To illustrate the approach, consider the operation x*y + z where x ,y and z are large sequences, or vectors if you will (perhaps megabytes or even gigabytes). If the complete interim result of the first operation (x*y) is created, then at the moment the last element of it is received, the first element of the interim sequence is already pushed out of the cache. The second operation (+ z) would have to load it from memory. Tile-based pipelining avoids this scenario.
Q4. What are the main technical challenges you face when executing distributed query processing and ensuring at the same time high scalability and low latency when working with Big Data?
Andrei Gorine: Efficient Big Data processing almost always requires data partitioning. Distributing data over multiple physical nodes, or even partitions on the same node, and executing software algorithms in parallel allows for better hardware resource utilization through maximizing CPU load and exploiting storage media I/O concurrency. Software lookup and analytics algorithms take advantage of each node’s reduced data set through minimizing memory allocations required to run the queries, etc. However, distributed data processing comes loaded with many challenges. From the standpoint of the database management system, the challenges are two-fold: distributed query optimization and data distribution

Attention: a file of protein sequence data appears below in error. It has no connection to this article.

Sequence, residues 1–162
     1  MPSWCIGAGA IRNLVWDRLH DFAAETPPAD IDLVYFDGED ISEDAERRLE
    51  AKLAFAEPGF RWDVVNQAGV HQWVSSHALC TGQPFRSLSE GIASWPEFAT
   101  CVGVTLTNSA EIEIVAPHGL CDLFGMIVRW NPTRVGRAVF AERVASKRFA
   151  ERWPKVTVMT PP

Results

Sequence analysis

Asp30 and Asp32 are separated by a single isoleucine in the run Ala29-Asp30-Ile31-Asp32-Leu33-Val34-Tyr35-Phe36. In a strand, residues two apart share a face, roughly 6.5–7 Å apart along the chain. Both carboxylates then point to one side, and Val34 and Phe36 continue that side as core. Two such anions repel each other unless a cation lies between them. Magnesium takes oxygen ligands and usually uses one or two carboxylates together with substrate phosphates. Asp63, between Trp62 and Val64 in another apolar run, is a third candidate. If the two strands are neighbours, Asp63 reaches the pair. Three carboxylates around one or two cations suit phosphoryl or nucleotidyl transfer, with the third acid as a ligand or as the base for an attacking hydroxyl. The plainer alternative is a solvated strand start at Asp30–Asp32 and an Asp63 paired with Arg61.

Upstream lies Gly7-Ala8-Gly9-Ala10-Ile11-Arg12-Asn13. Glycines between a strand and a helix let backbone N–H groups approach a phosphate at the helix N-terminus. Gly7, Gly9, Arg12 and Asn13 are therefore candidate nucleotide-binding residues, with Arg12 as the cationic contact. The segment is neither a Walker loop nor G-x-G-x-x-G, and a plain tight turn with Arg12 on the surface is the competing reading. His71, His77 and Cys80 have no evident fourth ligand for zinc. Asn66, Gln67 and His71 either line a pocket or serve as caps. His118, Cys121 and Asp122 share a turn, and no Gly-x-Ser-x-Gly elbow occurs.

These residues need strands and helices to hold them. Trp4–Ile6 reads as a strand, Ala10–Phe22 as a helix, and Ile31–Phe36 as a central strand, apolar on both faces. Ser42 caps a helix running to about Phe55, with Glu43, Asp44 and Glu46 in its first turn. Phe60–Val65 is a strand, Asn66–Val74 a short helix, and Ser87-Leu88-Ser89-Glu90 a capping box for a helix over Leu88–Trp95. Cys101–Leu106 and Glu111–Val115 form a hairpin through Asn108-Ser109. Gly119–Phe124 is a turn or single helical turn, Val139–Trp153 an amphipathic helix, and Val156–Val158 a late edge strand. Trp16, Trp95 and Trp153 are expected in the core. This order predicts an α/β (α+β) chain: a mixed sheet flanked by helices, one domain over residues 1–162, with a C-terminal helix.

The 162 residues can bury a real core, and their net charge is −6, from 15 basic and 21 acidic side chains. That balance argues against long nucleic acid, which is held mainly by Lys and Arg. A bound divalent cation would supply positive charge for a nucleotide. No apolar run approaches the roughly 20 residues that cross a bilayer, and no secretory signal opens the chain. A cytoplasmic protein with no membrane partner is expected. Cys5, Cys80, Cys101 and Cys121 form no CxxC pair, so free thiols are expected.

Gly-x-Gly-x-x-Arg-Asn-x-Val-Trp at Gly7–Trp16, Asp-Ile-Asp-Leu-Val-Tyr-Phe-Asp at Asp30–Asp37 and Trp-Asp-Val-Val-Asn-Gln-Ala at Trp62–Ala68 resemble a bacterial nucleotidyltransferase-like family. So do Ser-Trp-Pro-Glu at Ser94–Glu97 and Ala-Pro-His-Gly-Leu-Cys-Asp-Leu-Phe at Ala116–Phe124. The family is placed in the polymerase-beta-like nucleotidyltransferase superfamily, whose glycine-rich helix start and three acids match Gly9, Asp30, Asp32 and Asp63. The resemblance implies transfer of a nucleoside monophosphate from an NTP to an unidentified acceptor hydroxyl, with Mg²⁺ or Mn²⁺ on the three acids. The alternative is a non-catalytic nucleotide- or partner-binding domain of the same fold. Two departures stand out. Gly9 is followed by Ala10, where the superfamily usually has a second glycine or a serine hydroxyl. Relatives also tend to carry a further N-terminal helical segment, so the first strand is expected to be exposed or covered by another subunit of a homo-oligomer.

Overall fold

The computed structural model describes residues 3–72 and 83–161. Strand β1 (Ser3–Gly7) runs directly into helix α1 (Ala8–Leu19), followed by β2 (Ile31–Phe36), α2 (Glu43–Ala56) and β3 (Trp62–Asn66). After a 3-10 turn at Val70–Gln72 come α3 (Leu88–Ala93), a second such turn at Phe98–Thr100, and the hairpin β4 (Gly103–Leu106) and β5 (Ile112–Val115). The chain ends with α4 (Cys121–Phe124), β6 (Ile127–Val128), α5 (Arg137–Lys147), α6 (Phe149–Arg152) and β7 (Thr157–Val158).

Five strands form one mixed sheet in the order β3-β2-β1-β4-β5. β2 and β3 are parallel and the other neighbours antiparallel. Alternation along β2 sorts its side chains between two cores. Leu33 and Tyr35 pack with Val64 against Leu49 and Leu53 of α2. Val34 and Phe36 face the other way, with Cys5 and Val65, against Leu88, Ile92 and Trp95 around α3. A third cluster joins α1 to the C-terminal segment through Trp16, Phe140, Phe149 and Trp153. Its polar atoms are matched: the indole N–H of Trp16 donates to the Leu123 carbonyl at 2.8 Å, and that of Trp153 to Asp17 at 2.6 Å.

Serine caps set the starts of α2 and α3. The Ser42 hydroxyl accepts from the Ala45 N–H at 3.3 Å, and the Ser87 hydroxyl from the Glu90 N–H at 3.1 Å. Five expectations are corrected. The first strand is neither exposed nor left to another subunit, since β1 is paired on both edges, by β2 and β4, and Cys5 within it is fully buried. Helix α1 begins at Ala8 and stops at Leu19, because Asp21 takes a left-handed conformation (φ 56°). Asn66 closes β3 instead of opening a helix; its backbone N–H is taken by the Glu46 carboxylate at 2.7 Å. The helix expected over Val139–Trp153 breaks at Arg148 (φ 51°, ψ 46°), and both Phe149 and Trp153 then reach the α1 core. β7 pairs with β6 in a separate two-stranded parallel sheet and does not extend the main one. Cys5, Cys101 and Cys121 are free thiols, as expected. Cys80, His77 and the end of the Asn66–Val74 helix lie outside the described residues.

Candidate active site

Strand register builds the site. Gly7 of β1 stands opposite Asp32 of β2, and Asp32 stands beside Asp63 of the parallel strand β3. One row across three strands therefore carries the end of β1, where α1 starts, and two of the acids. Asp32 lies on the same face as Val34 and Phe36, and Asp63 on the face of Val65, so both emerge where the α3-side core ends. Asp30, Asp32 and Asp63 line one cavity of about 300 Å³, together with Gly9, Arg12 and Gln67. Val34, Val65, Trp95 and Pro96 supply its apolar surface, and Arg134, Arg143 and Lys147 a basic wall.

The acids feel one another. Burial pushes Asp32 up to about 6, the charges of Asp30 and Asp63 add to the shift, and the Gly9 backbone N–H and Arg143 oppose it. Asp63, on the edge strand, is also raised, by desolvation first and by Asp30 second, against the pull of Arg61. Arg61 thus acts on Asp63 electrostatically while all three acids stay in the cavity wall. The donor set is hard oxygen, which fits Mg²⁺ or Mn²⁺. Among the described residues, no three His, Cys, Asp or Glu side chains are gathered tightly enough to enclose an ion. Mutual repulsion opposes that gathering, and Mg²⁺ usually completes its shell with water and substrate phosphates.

First is optimizing distributed query execution plans so that each instance of the query running on a local node is tuned to minimize the I/O, CPU, buffer space and communications cost. Complex queries lead to complex execution plans. Complex plans require efficient distribution of queries through collecting, sharing and analyzing statistics in the distributed setup. Analyzing statistics is not a trivial task even locally, but in the distributed system environment the complexity of the task is an order of magnitude higher.
Another issue that requires a lot of attention in the distributed setting is runtime partition pruning. Partition pruning is an essential performance feature. In a nutshell, in order to avoid compiling queries every time, the queries are prepared (for example, “select ..where x=10” is replaced with “select ..where x=?”). The problem is that in the un-prepared form, the SQL compiler is capable of figuring out that the query is best executed on some known node. Yet in the second, prepared form, that “best” node is not known to the compiler. Thus, the choices are either sending the query to every node, or locating the node with the given key value during the execution stage.